Georgia health advocates are hoping a new report from the U.S. Surgeon General on youth tobacco use can kick-start their campaign to boost the state tax on cigarettes.
The report, released this week, noted that while youth smoking dropped dramatically from 1997 to 2004, that decline has leveled off since. Nearly one in four high school seniors and one in three young adults under age 26 smoke, the report said.
More high school students are using smokeless tobacco, the Surgeon General’s report added.
“The numbers are really shocking,” Surgeon General Regina Benjamin said in an interview with USA Today.
“It’s a problem we have to solve,” Dr. Benjamin said, calling tobacco use among the young a “pediatric epidemic” in need of greater public action.
She said adolescents, because their bodies are developing, are more susceptible than adults to nicotine’s addictiveness and tobacco’s damage to hearts and lungs.
In Georgia, health advocates are again backing an additional tax of $1 per pack of cigarettes to reduce smoking and improve health. Georgia’s current tax of 37 cents per pack is among the lowest in the nation.
The Bump It Up a Buck coalition notes that in Georgia, 95,900 high school students smoke and 22 million packs of cigarettes are bought or smoked by kids each year.
The coalition plans to hold an Atlanta celebration of national Kick Butts Day on Wednesday, March 21 at the state Capitol to highlight the dangers of teen smoking.
Last year, a proposed levy of an additional dollar per pack died at the Legislature after opposition by the Georgia Association of Convenience Stores. Republicans, who control the General Assembly, have said it’s unlikely to pass this year as well, despite widespread support in polls.
A 2010 poll of 500 likely voters in Georgia found more than 70 percent support the $1 per pack increase.
Tobacco products are among the most heavily marketed consumer goods in the United States, with nearly $10 billion spent on marketing cigarettes each year, the Surgeon General’s report says.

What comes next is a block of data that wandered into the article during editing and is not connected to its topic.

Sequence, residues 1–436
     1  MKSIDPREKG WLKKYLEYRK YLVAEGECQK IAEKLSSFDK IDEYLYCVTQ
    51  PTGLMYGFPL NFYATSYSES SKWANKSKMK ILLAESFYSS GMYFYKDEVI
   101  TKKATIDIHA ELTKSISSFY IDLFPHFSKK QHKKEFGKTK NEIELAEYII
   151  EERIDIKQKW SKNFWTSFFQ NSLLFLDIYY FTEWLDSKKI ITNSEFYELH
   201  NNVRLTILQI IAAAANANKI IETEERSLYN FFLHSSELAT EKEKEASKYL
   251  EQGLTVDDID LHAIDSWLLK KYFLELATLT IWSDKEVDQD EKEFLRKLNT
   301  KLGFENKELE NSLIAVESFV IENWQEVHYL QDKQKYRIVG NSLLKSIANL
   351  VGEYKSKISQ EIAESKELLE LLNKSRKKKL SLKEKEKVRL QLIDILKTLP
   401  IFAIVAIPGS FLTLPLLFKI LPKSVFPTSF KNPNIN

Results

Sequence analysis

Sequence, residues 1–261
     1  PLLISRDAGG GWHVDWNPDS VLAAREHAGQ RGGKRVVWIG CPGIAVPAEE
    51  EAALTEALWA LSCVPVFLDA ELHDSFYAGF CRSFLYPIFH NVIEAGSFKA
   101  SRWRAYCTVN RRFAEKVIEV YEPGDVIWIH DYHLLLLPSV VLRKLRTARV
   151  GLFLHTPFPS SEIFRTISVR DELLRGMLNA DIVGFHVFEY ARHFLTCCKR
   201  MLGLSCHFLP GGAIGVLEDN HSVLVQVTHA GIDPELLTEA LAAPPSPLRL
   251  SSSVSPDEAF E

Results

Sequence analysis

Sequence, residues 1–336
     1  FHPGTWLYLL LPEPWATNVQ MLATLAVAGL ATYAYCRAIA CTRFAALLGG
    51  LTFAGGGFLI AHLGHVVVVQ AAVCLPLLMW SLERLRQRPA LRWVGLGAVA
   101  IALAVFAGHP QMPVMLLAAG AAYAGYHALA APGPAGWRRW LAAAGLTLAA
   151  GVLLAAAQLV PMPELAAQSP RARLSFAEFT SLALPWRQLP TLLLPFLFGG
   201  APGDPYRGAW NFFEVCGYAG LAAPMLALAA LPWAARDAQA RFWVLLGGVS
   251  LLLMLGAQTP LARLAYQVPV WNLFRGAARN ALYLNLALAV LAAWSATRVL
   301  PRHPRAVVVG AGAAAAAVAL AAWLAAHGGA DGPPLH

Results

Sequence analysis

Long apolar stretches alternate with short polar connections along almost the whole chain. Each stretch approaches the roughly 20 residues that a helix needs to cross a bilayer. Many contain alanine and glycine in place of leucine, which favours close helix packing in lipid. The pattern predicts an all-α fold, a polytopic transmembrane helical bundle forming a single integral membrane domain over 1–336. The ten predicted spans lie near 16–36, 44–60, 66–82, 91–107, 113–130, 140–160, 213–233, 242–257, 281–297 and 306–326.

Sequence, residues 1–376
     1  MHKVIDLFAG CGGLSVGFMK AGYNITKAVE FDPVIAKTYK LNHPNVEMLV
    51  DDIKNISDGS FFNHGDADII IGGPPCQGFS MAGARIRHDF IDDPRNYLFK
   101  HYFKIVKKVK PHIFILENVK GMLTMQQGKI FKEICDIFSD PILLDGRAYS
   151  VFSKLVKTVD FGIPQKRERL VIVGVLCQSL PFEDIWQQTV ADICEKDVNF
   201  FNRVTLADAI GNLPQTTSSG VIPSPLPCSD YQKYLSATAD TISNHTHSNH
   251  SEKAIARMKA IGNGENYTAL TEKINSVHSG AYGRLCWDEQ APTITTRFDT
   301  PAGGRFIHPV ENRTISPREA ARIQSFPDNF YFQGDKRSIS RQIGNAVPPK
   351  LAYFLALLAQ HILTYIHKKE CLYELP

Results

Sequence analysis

A landmark 1964 report by the Surgeon General led to increasingly intense government efforts to discourage tobacco use, including federal warning labels on products, municipal bans on smoking in public places, increased tobacco taxes and anti-tobacco advertising. Tobacco use is down overall since the 1960s, but it remains the single most preventable cause of disease, disability and death in the U.S.
Danny McGoldrick of the Campaign for Tobacco-Free Kids, in the USA Today article, noted the industry’s partnerships with convenience stores to advertise and display tobacco products. He also cited the industry’s successful opposition to state tobacco tax increases.
Companies target teens with flavored cigarettes and other tobacco products, said June Deen, state director of the American Lung Association, on Friday. A higher price can deter youth from starting the habit, she said. “People rarely start smoking after age 25,’’ Deen said.
Georgia currently has the 48th-lowest per-pack tax in the nation, at 37 cents. The national average is $1.46.
Deen acknowledged that there’s not much talk at the General Assembly about raising the tax, and political analysts have noted strong opposition to tax increases in general among Georgia legislators. But Deen said momentum for a higher levy could surge if the state experiences a significant revenue shortfall.
“If we need revenue bad enough, it becomes more attractive,’’ she said.
Raising a state tobacco tax often takes years, Deen said. “We need to be serious about improving tobacco prevention programs and raising the cost of cigarettes to stop kids from smoking.’’
The tobacco industry spends approximately $348.7 million on marketing in Georgia each year, the health advocates say. That’s about the same amount of new state revenue that a dollar per pack would generate each year, according to the Bump It Up a Buck coalition.
Its members include the American Cancer Society, the Campaign for Tobacco-Free Kids, the American Heart Association, the American Lung Association, the American Cancer Society Cancer Action Network, the Georgia Society of Clinical Oncology and Georgians for a Healthy Future.
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